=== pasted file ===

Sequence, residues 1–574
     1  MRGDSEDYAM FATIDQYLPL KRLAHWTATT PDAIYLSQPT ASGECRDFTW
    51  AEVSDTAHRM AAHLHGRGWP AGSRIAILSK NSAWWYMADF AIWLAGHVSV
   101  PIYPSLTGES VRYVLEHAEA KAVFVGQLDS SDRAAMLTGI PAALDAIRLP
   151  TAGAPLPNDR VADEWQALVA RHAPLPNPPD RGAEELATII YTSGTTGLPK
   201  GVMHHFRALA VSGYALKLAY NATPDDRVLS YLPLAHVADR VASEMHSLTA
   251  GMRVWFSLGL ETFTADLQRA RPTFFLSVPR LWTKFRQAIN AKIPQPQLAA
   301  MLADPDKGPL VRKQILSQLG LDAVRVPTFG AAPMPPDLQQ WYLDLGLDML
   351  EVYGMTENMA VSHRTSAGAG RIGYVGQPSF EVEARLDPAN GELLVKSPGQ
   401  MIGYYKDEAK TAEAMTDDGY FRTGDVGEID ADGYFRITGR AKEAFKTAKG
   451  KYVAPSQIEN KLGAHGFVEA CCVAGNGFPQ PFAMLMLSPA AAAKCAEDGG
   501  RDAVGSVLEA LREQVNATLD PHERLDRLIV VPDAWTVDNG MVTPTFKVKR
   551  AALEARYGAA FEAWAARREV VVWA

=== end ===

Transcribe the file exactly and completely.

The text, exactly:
Sequence, residues 1–574
     1  MRGDSEDYAM FATIDQYLPL KRLAHWTATT PDAIYLSQPT ASGECRDFTW
    51  AEVSDTAHRM AAHLHGRGWP AGSRIAILSK NSAWWYMADF AIWLAGHVSV
   101  PIYPSLTGES VRYVLEHAEA KAVFVGQLDS SDRAAMLTGI PAALDAIRLP
   151  TAGAPLPNDR VADEWQALVA RHAPLPNPPD RGAEELATII YTSGTTGLPK
   201  GVMHHFRALA VSGYALKLAY NATPDDRVLS YLPLAHVADR VASEMHSLTA
   251  GMRVWFSLGL ETFTADLQRA RPTFFLSVPR LWTKFRQAIN AKIPQPQLAA
   301  MLADPDKGPL VRKQILSQLG LDAVRVPTFG AAPMPPDLQQ WYLDLGLDML
   351  EVYGMTENMA VSHRTSAGAG RIGYVGQPSF EVEARLDPAN GELLVKSPGQ
   401  MIGYYKDEAK TAEAMTDDGY FRTGDVGEID ADGYFRITGR AKEAFKTAKG
   451  KYVAPSQIEN KLGAHGFVEA CCVAGNGFPQ PFAMLMLSPA AAAKCAEDGG
   501  RDAVGSVLEA LREQVNATLD PHERLDRLIV VPDAWTVDNG MVTPTFKVKR
   551  AALEARYGAA FEAWAARREV VVWA